Since they first took action, 87 other tourism companies followed suit by participating in the program. Around the world, more than 10 airlines have now made the move to become carbon neutral. Though this is just a first step, Nature Air addressed some of the biggest questions out there by taking risks and taking action, with a strong understanding of mission and vision backing their efforts.

Green Colonialism


Problem: As industrialized nations become more aware of their carbon footprint and feel the need to clean the air in the global North, they look to the global South, to the tropics, to protect the vast forests or ‘oxygen farms’, by enforcing conservation projects while ignoring the needs of the local economy and population.

Solution: The industrialized North must pay a fair price for the oxygen produced by forest conservation in the South.

Conserving large tracks of rainforest in regions like the Amazon and Costa Rica’s Osa Peninsula is only possible if we can show local populations that by protecting forests on private land they will be fairly compensated. The belief that oxygen farms in less developed nations must be created to compensate for the world’s pollution with minimal or no compensation needs to be revisited. The relationship between industrialized nations spreading their green ideology to the unexploited lands of the South is history repeated. Systems with economic benefits to create farms instead of the tradition choices of cutting, must be put in place for the benefit of the planet, without a negative impact on local economy. We need to diminish borders and invest openly in conserving the few rainforests that remain on our planet. However, conservation cannot function without social and economic responsibility.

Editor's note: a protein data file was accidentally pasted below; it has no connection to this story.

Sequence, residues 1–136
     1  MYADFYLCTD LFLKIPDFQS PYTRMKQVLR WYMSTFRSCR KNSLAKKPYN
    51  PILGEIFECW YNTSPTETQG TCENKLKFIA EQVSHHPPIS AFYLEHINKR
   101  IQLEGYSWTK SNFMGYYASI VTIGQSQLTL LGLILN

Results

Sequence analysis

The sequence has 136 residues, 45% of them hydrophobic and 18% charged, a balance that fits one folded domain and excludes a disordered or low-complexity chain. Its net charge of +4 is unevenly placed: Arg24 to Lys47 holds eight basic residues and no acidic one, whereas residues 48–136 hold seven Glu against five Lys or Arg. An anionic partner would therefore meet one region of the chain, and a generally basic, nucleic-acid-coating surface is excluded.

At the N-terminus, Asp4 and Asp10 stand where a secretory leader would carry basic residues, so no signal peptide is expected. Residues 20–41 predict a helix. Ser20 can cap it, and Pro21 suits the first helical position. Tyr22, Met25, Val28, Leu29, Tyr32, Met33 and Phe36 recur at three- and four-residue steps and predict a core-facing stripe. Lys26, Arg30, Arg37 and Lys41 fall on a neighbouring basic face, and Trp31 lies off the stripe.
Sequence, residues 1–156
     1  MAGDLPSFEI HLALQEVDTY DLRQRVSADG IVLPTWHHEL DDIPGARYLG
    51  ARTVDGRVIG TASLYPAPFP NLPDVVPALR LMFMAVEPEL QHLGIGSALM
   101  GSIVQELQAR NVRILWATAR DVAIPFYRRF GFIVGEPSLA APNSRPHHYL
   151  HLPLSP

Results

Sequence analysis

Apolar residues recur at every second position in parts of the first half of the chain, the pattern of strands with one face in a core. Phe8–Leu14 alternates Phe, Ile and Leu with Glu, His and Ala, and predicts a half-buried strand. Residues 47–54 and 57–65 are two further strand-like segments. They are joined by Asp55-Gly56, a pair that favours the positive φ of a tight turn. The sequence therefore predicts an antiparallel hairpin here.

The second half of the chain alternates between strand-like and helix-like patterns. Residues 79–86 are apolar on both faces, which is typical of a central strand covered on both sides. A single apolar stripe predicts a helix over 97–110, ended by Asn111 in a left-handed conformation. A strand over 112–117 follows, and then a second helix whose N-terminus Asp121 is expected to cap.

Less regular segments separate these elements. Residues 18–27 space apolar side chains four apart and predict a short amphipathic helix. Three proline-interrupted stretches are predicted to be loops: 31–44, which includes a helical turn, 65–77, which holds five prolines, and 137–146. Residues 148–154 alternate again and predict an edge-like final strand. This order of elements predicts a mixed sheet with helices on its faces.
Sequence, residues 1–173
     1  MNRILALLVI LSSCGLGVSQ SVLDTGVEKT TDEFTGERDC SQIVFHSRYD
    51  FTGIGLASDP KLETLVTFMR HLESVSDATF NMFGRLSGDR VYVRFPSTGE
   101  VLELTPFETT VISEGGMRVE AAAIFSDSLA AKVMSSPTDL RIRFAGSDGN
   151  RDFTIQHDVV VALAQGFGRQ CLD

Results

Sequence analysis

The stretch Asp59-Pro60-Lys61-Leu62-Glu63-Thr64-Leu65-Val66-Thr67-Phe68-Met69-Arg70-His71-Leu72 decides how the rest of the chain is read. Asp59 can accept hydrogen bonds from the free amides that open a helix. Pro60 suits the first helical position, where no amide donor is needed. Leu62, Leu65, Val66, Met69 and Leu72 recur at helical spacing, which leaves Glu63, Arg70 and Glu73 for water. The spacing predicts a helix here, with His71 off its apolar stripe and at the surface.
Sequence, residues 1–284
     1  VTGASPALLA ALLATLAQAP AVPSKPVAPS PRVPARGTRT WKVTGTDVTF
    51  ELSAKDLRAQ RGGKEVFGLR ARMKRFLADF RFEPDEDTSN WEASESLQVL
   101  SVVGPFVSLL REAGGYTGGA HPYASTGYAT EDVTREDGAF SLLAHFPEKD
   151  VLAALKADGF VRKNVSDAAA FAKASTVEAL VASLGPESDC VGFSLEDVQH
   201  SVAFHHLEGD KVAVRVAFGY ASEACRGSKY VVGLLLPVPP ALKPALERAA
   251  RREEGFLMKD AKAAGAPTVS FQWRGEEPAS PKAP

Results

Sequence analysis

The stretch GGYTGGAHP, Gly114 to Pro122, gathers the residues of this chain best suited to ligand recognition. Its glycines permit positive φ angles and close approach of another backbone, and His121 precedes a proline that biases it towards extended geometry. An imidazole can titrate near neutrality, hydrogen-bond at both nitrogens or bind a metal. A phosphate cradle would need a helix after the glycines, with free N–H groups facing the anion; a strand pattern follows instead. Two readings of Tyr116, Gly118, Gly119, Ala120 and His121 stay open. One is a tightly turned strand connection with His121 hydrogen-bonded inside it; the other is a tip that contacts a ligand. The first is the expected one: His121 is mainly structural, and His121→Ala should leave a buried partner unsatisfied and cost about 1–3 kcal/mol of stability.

Nature Air has developed a strategy in which economic, social and environmental areas are interdependent, and an integrated approach must be taken to guarantee success and sustainability. According to a study by the University of Costa Rica, locals with a good grasp of English earn an average of 40 percent more across all fields of work–from taxi drivers to doctors.

Based on this, Nature Air created NatureKids, a non-profit foundation dedicated to working with low-income families to develop the tools they need for self-reliant futures.[2] Nature Air's role in bringing English-speaking clients to the far corners of Costa Rica, and its interest in promoting the growth and stability of the regions it flies to, made this program an ideal fit. Through English-language and environmental education, NatureKids works with Costa Rican communities to cultivate values of sustainability at a community level. With this education, the seed of sustainable tourism become planted in younger generations throughout the country.

Every Nation for Itself


Problem: Emerging nations have more land to protect than funding to support it, while industrialized nations let off more greenhouse gases than they have forests to compensate for them.

Solution: We must look beyond borders to solve the global problem of climate change.

International, regional and national efforts have been made to promote sustainable tourism, and the private sector is challenged to be part of this crusade. The Kyoto Protocol is seen as an important first step toward a truly global regime that will stabilize carbon emissions. The United Nations' Millennium Development Goals established environmental sustainability as goal number seven, with emphasis on the conservation of biodiversity. In June 2007, former President Oscar Arias stated that Costa Rica should and shall be the first carbon neutral country in the world by 2021.